Orange Alert

Biology Professor Named SU’s First Partnership for Undergraduate Life Sciences Education Fellow

Professor Heather Coleman will collaborate with other faculty across the country to enhance undergraduate biology instruction.

March 12, 2024, by Dan Bernardi

As a PULSE Fellow, biology professor Heather Coleman will collaborate with scientists around the United States to innovate undergraduate biology instruction.

Across the humanities and STEM disciplines in the College of Arts and Sciences (A&S), faculty thoughtfully develop course curricula and learning environments that incorporate their fields’ latest findings and pedagogical best practices. This careful attention ensures students benefit from a top-tier, contemporary and inclusive academic experience.

Many A&S faculty are playing a key role in setting the higher education agenda through their appointments with national foundations and institutes. Recent examples include biology professor Kari Segraves’ appointment as program director for the National Science Foundation’s Population and Community Ecology Cluster and Professor Mariaelena Huambachano’s advisory position with the United Nations (UN) High-Level Panel of Experts (HLPE) on Food Security and Nutrition. Adding to that list is Heather Coleman, associate professor of biology, who was recently named a Fellow of the Partnership for Undergraduate Life Sciences Education (PULSE). She is the first Syracuse University faculty member to serve as a PULSE Fellow.

Started in 2012 as a project of the National Science Foundation, the Howard Hughes Medical Institute and the National Institute for General Medical Sciences, PULSE aims to improve undergraduate teaching, learning outcomes for students, and access, equity and inclusion in life sciences by encouraging departments to look at ways to improve teaching and learning. The Department of Biology in A&S has already benefited through a collaboration with PULSE, as it had previously participated in the PULSE recognition program, which helps departments in their effort to incorporate more inclusive practices into their teaching.

Given the University's emphasis on human thriving and experiential inquiry outlined in its Academic Strategic Plan, Coleman's efforts with PULSE, aimed at fostering a more interactive, collaborative and equitable biology curriculum, resonate strongly with these pivotal objectives.

A&S Dean Behzad Mortazavi notes that Coleman’s appointment with PULSE will enhance students’ academic experience in A&S.

"Professor Coleman has long been dedicated to ensuring our undergraduates have access to an innovative biology curriculum,” says Mortazavi. “Her involvement and now fellowship with PULSE is a wonderful recognition of this dedication, and I look forward to her continued efforts on behalf of the many students in SU's biology program.”

As a PULSE Fellow, Coleman will connect with a larger community of undergraduate life science faculty from research universities across the U.S. who are passionate about biology research and undergraduate education. She will bring that insight back to Syracuse and work with fellow professors to apply them to the current curriculum.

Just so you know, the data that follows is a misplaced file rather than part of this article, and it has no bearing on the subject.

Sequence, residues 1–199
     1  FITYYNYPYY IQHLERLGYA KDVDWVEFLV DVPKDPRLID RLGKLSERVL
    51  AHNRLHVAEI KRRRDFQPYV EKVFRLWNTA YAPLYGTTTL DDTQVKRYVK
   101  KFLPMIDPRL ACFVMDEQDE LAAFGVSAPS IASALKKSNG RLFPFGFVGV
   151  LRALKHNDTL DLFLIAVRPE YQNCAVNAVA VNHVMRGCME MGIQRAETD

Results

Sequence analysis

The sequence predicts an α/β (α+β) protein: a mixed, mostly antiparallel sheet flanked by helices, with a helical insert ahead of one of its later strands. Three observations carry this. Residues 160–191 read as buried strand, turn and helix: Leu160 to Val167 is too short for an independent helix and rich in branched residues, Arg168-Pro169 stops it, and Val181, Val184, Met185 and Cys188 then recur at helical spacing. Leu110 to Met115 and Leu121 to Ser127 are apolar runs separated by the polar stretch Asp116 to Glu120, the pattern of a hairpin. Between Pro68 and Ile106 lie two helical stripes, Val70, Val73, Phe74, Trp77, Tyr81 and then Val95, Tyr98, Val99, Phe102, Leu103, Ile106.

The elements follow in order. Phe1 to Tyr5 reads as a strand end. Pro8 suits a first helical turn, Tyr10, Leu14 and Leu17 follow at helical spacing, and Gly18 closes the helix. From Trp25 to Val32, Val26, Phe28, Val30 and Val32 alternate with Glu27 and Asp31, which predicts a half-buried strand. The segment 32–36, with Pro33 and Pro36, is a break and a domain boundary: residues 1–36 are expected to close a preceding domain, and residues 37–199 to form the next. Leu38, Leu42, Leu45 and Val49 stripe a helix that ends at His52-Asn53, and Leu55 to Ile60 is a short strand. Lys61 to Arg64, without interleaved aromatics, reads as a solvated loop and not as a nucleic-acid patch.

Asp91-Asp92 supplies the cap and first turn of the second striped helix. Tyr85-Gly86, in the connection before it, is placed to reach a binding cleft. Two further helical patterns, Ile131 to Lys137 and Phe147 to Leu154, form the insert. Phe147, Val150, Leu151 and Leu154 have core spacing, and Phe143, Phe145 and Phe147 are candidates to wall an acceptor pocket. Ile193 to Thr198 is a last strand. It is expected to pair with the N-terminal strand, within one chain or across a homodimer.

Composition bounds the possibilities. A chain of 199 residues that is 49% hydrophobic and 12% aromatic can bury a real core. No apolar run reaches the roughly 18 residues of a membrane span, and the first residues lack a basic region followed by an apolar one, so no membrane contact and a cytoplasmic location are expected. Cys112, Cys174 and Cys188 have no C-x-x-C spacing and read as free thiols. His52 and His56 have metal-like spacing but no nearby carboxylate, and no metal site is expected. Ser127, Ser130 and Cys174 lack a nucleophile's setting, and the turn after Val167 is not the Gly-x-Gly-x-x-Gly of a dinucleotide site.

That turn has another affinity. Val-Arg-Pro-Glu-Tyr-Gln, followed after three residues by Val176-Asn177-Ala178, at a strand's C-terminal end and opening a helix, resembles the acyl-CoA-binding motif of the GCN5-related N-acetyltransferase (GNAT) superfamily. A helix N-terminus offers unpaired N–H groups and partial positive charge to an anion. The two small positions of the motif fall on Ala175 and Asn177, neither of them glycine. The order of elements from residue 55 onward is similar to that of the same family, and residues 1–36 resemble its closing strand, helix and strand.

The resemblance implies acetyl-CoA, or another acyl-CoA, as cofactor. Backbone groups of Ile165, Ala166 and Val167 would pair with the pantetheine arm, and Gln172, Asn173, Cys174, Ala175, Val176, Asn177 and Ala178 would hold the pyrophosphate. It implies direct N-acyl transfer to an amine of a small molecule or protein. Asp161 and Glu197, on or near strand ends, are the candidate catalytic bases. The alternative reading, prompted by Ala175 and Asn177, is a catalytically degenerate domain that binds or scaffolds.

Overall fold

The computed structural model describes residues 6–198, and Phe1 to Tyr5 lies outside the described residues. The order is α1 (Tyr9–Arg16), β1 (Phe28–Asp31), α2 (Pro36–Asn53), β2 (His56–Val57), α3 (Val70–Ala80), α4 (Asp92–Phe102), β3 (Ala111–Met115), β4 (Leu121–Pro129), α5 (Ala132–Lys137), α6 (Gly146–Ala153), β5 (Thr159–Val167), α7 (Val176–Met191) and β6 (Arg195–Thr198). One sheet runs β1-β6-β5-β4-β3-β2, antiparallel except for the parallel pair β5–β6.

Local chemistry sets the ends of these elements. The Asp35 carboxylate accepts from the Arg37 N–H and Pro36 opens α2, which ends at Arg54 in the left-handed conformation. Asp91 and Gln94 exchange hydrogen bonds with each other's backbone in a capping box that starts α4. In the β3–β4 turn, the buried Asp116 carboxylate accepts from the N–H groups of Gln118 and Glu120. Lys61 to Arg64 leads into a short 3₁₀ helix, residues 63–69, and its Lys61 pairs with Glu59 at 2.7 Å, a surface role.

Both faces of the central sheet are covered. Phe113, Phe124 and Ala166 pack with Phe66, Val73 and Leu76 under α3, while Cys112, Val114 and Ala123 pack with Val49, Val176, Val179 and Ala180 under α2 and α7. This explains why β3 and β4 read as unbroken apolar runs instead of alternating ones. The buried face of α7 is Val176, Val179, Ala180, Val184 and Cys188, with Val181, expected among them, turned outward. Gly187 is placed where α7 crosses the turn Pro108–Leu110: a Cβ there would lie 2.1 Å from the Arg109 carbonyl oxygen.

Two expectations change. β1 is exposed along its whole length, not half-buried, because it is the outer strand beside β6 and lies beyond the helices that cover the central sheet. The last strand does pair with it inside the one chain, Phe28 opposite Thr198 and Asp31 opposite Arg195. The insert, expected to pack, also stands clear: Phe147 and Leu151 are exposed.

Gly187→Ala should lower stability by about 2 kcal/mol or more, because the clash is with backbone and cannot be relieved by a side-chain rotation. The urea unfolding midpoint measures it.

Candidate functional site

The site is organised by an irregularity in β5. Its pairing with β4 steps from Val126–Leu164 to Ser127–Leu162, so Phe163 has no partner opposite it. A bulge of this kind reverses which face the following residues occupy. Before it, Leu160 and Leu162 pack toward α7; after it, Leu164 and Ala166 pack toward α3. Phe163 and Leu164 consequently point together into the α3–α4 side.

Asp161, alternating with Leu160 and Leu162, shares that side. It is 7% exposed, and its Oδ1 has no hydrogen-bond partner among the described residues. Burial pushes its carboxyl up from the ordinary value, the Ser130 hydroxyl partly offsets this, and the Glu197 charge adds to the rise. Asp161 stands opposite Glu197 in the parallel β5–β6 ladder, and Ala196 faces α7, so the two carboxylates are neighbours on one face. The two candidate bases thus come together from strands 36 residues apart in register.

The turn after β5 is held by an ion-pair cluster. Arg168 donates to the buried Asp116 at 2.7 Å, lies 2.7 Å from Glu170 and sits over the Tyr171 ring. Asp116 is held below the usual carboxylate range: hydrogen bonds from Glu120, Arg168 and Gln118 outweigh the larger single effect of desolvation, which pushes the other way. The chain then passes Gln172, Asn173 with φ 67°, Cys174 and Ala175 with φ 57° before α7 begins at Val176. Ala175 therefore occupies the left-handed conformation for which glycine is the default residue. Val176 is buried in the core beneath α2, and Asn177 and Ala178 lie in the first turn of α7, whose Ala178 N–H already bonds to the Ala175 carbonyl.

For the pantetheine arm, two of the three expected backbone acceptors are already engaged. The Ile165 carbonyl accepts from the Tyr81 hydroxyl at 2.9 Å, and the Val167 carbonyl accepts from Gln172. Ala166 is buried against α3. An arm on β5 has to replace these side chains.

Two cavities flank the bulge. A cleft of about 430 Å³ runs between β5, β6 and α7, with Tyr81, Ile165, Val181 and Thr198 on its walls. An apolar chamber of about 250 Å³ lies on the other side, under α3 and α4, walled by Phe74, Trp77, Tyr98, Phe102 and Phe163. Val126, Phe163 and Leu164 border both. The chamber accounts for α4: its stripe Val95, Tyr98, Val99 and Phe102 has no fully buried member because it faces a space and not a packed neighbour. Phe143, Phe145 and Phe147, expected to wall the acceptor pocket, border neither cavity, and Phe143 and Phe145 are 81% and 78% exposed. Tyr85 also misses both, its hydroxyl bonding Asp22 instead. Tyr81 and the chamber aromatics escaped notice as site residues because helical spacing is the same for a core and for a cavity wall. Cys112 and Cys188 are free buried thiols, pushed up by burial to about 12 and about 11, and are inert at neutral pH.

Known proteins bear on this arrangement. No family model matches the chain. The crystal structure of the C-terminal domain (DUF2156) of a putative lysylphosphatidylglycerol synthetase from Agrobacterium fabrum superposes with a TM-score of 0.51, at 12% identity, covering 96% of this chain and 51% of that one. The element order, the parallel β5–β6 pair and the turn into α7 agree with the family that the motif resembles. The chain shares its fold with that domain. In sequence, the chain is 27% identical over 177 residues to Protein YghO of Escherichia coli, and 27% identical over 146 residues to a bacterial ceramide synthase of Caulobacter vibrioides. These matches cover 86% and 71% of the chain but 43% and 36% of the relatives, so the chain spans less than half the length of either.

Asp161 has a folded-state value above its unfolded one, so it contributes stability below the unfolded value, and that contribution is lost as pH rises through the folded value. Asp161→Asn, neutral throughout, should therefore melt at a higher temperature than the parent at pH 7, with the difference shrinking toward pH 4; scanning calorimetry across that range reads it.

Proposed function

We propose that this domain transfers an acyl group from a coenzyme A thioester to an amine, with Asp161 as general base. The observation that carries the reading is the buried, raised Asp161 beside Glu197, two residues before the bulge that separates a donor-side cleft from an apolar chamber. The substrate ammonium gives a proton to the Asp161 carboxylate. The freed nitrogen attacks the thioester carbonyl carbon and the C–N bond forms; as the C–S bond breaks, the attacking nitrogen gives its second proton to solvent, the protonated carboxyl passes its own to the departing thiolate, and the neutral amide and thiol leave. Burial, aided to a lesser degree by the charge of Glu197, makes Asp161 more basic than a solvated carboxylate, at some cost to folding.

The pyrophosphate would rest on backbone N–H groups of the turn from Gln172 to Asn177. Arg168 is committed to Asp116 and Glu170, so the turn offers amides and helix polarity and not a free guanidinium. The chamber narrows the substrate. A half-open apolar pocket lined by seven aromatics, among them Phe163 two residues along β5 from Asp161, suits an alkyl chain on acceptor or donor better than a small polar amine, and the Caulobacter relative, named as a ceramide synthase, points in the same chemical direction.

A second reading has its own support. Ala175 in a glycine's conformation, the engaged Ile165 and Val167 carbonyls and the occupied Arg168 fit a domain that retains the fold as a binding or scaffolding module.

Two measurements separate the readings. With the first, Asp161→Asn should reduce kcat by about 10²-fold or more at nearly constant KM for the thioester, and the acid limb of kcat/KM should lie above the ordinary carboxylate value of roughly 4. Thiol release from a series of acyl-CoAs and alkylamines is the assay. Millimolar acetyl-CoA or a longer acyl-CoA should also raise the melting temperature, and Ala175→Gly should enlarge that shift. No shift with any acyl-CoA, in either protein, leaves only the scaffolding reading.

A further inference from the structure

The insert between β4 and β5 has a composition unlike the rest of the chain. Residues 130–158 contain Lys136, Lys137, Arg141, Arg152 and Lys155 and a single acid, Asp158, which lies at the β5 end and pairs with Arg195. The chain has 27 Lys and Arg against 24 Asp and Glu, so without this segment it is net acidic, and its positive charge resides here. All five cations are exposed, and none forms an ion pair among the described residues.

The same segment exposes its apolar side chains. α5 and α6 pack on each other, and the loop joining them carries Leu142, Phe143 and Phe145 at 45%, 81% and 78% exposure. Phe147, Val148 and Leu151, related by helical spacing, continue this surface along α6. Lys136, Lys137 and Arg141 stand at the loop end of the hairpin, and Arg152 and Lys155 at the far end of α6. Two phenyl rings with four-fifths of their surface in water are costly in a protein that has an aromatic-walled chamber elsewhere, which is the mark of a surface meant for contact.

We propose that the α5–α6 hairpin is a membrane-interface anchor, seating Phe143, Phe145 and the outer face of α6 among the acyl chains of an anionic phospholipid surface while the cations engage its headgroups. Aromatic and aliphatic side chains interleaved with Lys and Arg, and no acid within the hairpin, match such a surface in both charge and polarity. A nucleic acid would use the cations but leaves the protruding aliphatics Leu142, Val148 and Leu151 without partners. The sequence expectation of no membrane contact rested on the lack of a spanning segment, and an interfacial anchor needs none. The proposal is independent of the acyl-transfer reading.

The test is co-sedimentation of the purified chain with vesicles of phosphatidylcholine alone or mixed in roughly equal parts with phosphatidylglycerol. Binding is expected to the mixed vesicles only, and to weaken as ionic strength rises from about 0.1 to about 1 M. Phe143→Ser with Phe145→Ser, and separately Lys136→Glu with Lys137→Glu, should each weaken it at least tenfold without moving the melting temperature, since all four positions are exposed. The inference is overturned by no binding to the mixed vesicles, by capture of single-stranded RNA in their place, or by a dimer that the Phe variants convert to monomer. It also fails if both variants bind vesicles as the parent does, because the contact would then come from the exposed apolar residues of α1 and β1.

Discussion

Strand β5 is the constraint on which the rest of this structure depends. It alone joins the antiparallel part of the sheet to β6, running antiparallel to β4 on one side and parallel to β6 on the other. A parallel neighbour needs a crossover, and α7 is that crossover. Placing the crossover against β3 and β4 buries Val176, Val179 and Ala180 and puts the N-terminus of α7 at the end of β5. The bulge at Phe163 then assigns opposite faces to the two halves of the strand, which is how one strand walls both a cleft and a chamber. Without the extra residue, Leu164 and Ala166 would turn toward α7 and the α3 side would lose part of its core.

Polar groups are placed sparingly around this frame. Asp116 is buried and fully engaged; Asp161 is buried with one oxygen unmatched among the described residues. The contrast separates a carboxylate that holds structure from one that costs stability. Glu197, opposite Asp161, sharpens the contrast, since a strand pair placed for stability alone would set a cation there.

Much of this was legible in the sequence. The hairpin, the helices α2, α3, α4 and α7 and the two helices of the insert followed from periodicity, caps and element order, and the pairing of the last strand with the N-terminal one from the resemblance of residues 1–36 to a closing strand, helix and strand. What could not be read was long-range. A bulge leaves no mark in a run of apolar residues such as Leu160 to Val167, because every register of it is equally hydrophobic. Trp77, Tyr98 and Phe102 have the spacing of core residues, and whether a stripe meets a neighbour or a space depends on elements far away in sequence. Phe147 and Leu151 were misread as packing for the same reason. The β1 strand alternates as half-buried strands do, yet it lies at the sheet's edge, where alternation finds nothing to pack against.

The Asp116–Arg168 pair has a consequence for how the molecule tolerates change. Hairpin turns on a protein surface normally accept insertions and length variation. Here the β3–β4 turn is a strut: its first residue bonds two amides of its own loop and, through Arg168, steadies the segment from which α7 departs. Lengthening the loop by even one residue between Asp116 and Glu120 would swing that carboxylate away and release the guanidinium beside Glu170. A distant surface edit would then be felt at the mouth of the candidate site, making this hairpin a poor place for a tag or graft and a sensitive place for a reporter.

“I look forward to expanding my understanding of how to support biology undergraduates, allowing them to thrive here at Syracuse University and beyond, and to contributing to the mission of PULSE to encourage departments to ‘develop inclusive, student-centered, evidence-based teaching and learning in order to cultivate the development of scientists who reflect the diversity of American society,’” notes Coleman. “I’m excited to join the PULSE community and learn from biologists who have been engaged in this work since the beginning.”

A professor at Syracuse since 2011, Coleman has been committed to improving undergraduate biology instruction in A&S throughout her tenure. She previously served as the department’s Director of Undergraduate Studies (2020-23), where she led the Biology Curriculum Committee through revisions to align with recommendations from the American Association for the Advancement of Science. Those changes included implementing a student-centered approach, which put greater emphasis on interactive, inquiry-driven, cooperative and collaborative activities.

Coleman, who has also served the biology department as associate chair, founded the Biology Undergraduate Peer Mentoring Program, as well as two departmental events (BioFair and Biology Research Day) aimed at increasing student access to information about biology-related clubs and resources on campus. She will continue work with the Peer Mentoring Program and will facilitate other opportunities for biology undergraduates to become more connected to the biology community in Fall 2024.

In her research, Coleman studies how plant cell walls are formed and the genetic and environmental factors which influence their characteristics, using poplar trees as a model system for this work. She has received several grants and awards supporting her research, including an Early Career Award from the Department of Energy, a CUSE Good to Great Award and a Syracuse Center of Excellence Faculty Fellow Award.

Her appointment as PULSE Fellow began in January 2024.


Heather Coleman Associate Professor

Media Contact

Dan Bernardi